• I took it to mean that Charles was talking about synthetic stucco, EIFS.

  • Pye: Ah, I thought that EIFS was just for the tacky looking design pieces stuck on commercial strip buildings. I never assumed it would actually be used as a siding as a replacement for stucco.
    Guess I learned something.
    That said, I’ve still heard people call stucco “fake stucco” for whatever reason. I hope all those times I rolled my eyes it wasn’t EIFS on the buildings :)

  • It’s a liability no-no to use EIFS on residential construction and you might not be able to insure it, in fact, some cities’ building codes forbid it all together. It is however still widely used on commercial structures.
    I think Charles’s post was a direct attack on Stucco homes vs. brick veneer which I see as a purely aesthetic argument.

  • Isn’t stucco made of sand and cement and troweled onto a lath? Perhaps what people mean by fauxco is the slightly rubbery-looking (even when dry) stuff that gives the exterior of houses the same look as many commercial buildings. That said, a few years ago I determined that I wanted a stucco-look fireplace (here, it’s limestone you get a little weary of) but that doing actual stucco was an art I wasn’t likely to master (it’s unfortunately the case that, in home projects, I tend to learn how to do something by doing it badly, and then don’t get another chance) so after pulling off the existing tile I bought a bucket of “elastomeric finish coat” and applied it over a cement coat. It came out well, though how durable I’m not sure.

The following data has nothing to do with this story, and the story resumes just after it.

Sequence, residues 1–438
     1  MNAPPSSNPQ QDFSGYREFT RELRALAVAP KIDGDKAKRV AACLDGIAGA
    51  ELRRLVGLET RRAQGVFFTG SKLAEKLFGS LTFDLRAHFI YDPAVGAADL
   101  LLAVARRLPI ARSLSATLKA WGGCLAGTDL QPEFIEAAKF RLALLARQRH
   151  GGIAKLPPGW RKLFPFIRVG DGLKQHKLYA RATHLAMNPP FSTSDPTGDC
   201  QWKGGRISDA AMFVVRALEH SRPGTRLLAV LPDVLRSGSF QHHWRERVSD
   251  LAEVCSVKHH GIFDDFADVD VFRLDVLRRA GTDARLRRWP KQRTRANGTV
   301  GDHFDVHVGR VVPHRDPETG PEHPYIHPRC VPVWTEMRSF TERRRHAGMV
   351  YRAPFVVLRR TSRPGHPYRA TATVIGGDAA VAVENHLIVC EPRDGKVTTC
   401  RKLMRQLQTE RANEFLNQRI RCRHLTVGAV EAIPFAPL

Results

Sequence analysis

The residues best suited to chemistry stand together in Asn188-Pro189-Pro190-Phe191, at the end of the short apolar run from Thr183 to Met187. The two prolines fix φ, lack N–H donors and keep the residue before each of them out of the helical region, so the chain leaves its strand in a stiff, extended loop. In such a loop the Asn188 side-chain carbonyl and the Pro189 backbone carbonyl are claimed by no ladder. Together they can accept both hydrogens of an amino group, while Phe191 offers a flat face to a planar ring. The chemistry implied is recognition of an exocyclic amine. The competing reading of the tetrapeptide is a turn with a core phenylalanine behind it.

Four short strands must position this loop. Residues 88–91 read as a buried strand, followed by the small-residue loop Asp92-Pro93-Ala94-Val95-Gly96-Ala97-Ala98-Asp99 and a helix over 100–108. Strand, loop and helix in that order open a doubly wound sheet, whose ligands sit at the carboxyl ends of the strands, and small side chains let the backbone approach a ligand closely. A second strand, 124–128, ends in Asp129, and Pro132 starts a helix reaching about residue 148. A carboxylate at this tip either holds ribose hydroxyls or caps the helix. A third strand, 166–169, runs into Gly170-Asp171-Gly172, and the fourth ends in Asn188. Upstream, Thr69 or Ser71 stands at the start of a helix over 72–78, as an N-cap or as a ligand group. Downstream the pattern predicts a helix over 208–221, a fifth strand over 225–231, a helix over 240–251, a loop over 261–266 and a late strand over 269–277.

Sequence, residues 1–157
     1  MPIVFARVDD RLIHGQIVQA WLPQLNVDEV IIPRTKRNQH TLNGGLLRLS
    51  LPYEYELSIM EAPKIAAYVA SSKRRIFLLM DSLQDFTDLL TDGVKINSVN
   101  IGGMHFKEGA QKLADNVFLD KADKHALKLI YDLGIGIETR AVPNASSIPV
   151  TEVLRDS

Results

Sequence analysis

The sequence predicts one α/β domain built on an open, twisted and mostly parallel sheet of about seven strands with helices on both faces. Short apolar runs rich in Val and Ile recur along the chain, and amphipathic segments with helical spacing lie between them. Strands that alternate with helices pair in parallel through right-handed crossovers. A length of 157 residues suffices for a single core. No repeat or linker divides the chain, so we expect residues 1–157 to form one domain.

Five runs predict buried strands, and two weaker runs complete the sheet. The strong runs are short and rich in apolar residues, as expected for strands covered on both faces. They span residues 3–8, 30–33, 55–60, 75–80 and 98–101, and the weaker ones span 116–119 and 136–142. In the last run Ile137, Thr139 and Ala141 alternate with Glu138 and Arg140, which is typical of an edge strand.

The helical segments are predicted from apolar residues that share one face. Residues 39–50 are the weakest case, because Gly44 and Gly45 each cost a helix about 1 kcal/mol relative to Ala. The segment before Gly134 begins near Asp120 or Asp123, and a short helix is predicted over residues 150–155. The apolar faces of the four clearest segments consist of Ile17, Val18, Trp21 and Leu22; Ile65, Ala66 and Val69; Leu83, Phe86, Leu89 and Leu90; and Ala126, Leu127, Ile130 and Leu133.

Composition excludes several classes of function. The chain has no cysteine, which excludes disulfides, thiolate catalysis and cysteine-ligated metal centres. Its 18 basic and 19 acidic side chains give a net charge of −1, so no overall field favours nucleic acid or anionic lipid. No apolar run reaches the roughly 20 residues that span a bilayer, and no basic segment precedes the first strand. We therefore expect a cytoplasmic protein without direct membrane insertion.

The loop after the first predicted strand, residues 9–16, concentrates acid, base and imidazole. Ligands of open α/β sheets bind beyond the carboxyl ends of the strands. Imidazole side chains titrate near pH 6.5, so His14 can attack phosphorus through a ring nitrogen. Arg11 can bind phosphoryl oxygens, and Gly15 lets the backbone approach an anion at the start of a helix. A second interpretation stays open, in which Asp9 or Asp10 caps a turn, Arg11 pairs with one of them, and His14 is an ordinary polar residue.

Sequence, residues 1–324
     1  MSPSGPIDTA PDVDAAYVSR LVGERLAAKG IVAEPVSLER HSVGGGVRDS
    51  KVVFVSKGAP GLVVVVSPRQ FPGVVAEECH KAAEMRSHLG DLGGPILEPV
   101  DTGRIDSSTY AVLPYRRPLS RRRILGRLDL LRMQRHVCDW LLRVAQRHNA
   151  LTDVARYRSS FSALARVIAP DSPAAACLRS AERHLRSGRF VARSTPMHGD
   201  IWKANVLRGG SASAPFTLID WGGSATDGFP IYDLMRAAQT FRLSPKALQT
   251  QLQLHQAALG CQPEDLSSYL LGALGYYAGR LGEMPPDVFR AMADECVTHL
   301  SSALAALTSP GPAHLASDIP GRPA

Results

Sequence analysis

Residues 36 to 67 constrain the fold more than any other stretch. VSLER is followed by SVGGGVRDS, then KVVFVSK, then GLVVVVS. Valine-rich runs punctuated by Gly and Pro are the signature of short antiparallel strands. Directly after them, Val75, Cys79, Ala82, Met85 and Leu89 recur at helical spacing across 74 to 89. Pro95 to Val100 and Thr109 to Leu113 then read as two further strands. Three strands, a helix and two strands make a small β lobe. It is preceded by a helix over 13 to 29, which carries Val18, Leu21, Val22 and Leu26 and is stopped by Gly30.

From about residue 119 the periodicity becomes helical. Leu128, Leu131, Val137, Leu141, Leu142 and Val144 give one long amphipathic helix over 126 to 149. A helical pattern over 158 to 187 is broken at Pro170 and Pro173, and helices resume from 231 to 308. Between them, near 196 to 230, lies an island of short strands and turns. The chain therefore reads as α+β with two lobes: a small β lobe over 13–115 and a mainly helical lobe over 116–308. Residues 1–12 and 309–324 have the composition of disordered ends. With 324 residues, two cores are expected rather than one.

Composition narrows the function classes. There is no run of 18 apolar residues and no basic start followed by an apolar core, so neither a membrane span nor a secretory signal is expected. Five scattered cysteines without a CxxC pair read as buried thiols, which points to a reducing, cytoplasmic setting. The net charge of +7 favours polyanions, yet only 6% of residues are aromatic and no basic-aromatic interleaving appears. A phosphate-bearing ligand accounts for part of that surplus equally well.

• “Real” stucco is a sand and cement material that is troweled in place. “Fake” stucco usually means EIFS (External Insulation Finishing System), frequently used on commercial canopies and such things where there isn’t occupied space immediately behind it. The problem with EIFS is that the plastic compound that forms the outer skin is impervious to moisture – so when moisture gets into the Styrofoam behind it it doesn’t have anywhere to go and a serious mold factory gets started, supporting wood rots, etc., etc. EIFS was used in residential construction for a while because it’s easy and quick to install, and less expensive than cementitious stucco, but it became a liability nightmare.

  • Thanks for the info, mollusk. I think there is still another synthetic stucco called “one-coat.” In reading, unwillingly, about the confusing world of sandy, gypsum-y, and synthetic finishes I did learn about the moisture barrier with EIFS and that real stucco allows moisture to move through; but since mine was an interior application it didn’t seem to matter, though I was told to go view the product on the outside of some apartments. In any case, I only used the tintable elastomeric finish coat, not the rest of the EIFS “system,” over concrete: so, a fake of a fake! There was something else I could have used to suggest stucco, called stucco top coat, by Quikrete, but it only came in 4 bad colors.
    I just realized I went to all this trouble to simulate stucco when everyone seems to regard it as déclassé. Oh well. I like to imagine I’m in California, I guess.